Project COST – Modelling Complex Search tasks
Search engines, and more generally search systems, are the main access to a world-scale digital library, allowing people to achieve search tasks. In the CoST project, we envision a shift from search engines to task completion engines by dynamically assisting users in making the optimal decisions, empowering them to achieve multi-step and highly cognitive search tasks. This triggers the need for (1) more predictable and automatic models of user-system interaction and search tasks and, (2) more task-oriented information access models.
In the past years, the range and level of complexity of search tasks significantly increased from simple ones like fact-finding to more intensive knowledge-oriented tasks like hypothesis-directed search for medical diagnosis or human learning for educational purposes. Such tasks span multiple sessions, require sustained user-system interaction, engagement with information, and are structured in multiple subtasks and/or multiple topics. While search systems today are very efficient for simple look-up information tasks (fact-finding search), they are unable to guide users engaged in complex search processes. Hence, paradoxically, while we consider information search nowadays to be ‘natural’ and ‘easy’, search systems are not yet able to provide adequate support for achieving a wide range of real-life work search tasks.
- Model patterns of search behavior from user interactions. The goal is to mine high-level user behavior patterns by jointly relating multiple observable user interactions (e.g., query reformulation, clicks) to both subtasks and task attributes (e.g., level of cognitive complexity) and user’s cognitive context (e.g., domain knowledge).
- Learning representations of complex search tasks. By analogy with the importance of query and document representation in traditional IR models, this step is fundamental for designing task-based information access models. In CoST, we attempt to build the representations of tasks that support their completion based on system-driven assistance.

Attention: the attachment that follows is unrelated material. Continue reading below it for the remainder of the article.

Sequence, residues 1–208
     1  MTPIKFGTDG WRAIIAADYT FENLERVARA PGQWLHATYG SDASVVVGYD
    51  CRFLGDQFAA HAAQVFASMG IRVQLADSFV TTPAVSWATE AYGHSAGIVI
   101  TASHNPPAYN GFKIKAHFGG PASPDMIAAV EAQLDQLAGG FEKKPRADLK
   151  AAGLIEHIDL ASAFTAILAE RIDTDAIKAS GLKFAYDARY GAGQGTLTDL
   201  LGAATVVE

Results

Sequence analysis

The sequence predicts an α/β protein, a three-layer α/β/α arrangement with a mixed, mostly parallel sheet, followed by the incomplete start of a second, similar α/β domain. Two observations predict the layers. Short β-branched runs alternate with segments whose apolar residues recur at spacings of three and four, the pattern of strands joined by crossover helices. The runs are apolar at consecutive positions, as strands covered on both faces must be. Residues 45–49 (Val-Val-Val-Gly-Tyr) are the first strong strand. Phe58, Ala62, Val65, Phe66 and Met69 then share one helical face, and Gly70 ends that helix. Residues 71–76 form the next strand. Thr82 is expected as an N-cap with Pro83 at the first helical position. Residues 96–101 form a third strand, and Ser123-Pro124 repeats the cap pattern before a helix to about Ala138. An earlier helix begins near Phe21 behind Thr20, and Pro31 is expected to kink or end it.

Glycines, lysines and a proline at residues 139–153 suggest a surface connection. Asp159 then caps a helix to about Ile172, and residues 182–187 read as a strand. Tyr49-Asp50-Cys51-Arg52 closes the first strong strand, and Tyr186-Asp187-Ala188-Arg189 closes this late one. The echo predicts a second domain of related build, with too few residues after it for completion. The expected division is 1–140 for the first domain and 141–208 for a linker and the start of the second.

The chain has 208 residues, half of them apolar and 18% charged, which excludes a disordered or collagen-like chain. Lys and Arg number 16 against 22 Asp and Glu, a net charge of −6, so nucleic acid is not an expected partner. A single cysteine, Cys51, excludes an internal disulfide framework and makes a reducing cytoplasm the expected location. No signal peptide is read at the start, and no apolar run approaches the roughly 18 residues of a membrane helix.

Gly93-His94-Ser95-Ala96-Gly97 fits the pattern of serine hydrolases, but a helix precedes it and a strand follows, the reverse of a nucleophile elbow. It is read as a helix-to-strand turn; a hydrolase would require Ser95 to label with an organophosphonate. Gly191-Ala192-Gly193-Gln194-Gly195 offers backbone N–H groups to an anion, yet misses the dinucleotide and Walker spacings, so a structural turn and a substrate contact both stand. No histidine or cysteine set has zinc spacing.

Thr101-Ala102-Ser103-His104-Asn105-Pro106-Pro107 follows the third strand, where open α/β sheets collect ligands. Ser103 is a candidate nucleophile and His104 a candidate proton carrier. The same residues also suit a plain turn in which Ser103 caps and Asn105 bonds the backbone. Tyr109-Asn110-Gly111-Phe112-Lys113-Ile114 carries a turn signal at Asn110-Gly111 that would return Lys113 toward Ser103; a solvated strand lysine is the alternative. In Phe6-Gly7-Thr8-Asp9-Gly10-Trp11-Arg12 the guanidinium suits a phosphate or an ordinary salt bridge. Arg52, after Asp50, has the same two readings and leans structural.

- Designing task-driven information access models. We consider here the problem of matching information relevance with task completion. Only a very few and recent work tackled this challenge in the context of specific tasks. Our aim in the CoST project is to provide solutions to generic complex search tasks by relying on their learned representations and understanding of cognitive users’ search abilities.
The expected results for the project are:
- A dataset with user logs (generated during complex search tasks, in French).
- Publications in major IR conferences and journals
Partnerships and collaborations
- ISIR. Objective: Models for users engaged in complex search tasks.
- Laboratoire Cognition, Langues, Langage, Ergonomie de Toulouse 2 (CLLE). Objective: Identify cognitive processes and strategies developed by end-users during cognitive human learning tasks in order to enhance cognitive information search models used during the first stage of retrieval.
- Laboratoire d’Informatique de Grenoble (LIG). Objective: Model the task-based retrieval search.
- Institut de Recherche en Informatique de Toulouse (IRIT). Objective: Model search tasks and subtasks representations, and Identify related patterns of users’ behaviors in search sessions.